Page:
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Reporting Nonbinary Classifications to the EEOC: Guidance From a New FAQ

Ogletree Deakins • August 19, 2019
On August 15, 2019, the Equal Employment Opportunity Commission (EEOC) added a question and answer to its list of frequently asked questions (FAQs) addressing, among other things, a growing concern for many employers: how to report employees who identify as nonbinary in the EEO-1 Component 2 report. We have previously written on the conundrum facing employers with EEO-1 reporting and written affirmative action obligations and employees who have identified as nonbinary.

OFCCP Announces Proposed Rule on Religious Exemption for Federal Contractors

Ogletree Deakins • August 19, 2019
On August 15, 2019, the U.S. Department of Labor’s Office of Federal Contract Compliance Programs (OFCCP) released a Notice of Proposed Rulemaking (NPRM) focused on clarifying the civil rights protections for religious organizations that have federal contracts. Keeping with the Trump administration’s policy to enforce the religious freedom found in federal law, the proposed rule is intended to provide the broadest protection of religious rights recognized under the U.S. Constitution and other laws, such as the Religious Freedom Restoration Act. It does not, however, exempt federal contractors from adhering to other required affirmative action obligations.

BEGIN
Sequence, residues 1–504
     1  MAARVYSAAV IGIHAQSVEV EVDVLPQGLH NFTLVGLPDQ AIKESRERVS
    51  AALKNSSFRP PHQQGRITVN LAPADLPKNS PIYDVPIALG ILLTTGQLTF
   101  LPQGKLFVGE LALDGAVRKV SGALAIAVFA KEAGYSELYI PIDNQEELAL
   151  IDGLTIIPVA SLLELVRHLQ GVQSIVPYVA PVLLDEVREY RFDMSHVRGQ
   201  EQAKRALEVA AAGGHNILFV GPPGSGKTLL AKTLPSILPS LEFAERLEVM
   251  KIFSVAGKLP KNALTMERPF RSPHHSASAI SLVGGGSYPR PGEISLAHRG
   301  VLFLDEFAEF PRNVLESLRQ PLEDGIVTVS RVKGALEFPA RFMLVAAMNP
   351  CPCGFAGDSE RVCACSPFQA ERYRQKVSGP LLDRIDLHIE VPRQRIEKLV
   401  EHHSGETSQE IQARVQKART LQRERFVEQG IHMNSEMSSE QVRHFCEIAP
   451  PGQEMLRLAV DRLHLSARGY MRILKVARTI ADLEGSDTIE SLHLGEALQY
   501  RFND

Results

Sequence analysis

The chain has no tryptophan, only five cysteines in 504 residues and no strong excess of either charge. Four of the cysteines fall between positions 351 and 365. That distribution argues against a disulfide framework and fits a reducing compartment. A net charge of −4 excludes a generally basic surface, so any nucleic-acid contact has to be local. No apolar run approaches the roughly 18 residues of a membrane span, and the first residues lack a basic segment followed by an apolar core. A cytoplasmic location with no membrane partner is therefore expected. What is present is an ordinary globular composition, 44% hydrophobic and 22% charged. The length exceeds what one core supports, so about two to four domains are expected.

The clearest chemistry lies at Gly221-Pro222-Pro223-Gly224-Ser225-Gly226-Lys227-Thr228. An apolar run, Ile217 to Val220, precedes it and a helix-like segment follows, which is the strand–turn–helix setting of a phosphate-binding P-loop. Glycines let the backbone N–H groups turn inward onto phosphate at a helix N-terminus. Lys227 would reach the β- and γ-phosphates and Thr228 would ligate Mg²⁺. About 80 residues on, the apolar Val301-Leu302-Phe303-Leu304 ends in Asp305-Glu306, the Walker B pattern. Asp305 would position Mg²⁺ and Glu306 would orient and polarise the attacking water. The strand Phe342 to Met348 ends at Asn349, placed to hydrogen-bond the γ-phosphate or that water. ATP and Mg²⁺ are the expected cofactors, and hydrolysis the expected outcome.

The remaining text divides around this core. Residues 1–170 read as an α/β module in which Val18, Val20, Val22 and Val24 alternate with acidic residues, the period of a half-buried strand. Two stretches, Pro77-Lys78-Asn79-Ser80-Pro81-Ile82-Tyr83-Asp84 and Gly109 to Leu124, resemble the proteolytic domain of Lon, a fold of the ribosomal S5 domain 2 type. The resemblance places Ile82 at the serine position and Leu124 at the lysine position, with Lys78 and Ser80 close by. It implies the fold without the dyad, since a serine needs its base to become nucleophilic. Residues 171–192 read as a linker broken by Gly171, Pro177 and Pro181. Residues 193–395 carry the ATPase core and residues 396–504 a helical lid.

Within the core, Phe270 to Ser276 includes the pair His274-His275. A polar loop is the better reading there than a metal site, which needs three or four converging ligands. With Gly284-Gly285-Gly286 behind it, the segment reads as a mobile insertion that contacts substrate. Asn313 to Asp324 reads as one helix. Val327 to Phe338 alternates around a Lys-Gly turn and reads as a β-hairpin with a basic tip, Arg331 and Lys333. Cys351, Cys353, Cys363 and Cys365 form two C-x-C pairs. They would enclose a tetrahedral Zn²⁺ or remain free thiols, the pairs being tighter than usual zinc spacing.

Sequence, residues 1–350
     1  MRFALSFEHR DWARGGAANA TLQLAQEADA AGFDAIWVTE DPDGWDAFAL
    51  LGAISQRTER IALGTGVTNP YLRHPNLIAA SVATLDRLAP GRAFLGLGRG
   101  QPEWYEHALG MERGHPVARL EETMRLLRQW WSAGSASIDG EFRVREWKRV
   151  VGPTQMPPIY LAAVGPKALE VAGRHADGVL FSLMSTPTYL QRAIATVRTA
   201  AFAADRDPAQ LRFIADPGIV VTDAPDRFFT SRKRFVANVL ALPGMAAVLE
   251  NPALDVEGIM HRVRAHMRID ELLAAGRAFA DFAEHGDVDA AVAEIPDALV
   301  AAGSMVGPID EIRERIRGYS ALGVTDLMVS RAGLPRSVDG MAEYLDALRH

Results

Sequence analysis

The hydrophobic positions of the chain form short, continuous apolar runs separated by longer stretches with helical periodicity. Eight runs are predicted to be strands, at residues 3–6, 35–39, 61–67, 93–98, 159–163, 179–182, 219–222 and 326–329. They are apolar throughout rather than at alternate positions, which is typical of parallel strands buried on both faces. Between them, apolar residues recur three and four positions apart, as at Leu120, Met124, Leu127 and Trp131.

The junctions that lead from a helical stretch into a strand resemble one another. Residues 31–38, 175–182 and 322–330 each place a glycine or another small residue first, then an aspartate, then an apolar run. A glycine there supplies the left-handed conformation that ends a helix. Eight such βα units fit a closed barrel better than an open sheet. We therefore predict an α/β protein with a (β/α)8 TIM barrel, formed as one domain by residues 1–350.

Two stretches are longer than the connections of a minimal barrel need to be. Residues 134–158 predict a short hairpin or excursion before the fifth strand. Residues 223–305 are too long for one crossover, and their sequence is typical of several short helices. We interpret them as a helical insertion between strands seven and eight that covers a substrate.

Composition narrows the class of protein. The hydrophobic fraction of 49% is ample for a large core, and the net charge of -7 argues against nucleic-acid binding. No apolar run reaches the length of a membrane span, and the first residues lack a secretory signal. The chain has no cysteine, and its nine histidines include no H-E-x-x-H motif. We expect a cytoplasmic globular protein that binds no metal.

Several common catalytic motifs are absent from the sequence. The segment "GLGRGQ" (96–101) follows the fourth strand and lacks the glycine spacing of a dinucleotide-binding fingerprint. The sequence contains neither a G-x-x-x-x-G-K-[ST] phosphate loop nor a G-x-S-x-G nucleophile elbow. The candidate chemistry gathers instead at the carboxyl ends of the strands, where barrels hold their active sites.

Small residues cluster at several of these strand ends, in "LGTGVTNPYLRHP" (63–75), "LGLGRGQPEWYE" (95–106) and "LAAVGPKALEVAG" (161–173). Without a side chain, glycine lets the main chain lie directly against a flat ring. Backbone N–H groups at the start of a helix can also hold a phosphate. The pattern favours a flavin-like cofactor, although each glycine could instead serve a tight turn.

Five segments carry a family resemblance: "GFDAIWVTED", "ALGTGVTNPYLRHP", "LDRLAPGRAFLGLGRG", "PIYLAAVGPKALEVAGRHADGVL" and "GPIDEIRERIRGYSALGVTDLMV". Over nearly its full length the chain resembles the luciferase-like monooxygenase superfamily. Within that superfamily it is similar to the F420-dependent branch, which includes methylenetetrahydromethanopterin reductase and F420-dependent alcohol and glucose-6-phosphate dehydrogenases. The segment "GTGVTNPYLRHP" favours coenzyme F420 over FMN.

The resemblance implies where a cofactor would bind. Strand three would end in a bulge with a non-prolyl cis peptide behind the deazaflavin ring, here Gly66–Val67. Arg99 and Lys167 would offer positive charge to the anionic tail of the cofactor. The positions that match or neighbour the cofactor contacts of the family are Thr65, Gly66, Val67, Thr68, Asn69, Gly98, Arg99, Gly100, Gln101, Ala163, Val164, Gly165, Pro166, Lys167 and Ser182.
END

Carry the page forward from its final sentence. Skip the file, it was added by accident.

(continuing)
DOL Confirms FMLA Covers IEP Meetings With Therapists at School

Ogletree Deakins • August 19, 2019
On August 8, 2019, the Department of Labor (DOL) issued an opinion letter confirming that a parent is entitled to time off under the Family and Medical Leave Act (FMLA) to attend a meeting at school to discuss his or her child’s Individualized Education Program (IEP).

Employer Do’s and Don’ts for Back to School Time

XpertHR • August 19, 2019
It’s that time once again in many parts of the country – time to put away the sunscreen and beach chairs, pack up those backpacks, get those school lunches together and start those carpools as its time to head back to school.

New Public Charge Rule Seen as Latest Effort to Tighten Legal Immigration

Jackson Lewis P.C. • August 19, 2019
Having focused on enforcement and illegal immigration, the Trump Administration has recently turned to legal immigration. The new Public Charge rule which will go into effect on October 15, 2019, absent court action, will make it harder for some foreign nationals to obtain green cards or even to secure or extend temporary non-immigrant status. What has been something that primarily affected family-based immigration may now affect some employers and their employees as well. Any workers with a family of four and an income of less than $64,000 (or 250% of the federal poverty guidelines) could be subject to the Public Charge Rule.

Benefits Outside the Box: Using a Charitable Foundation to Enhance Your Culture and Community

Jackson Lewis P.C. • August 19, 2019
If your Company leadership is looking for an innovative employee benefit – something outside the standard employee benefit package of retirement, health, and welfare benefits, a Company-sponsored charitable foundation might be your answer. A charitable foundation not only can further your Company culture while serving the community, but it also has tax benefits to boot.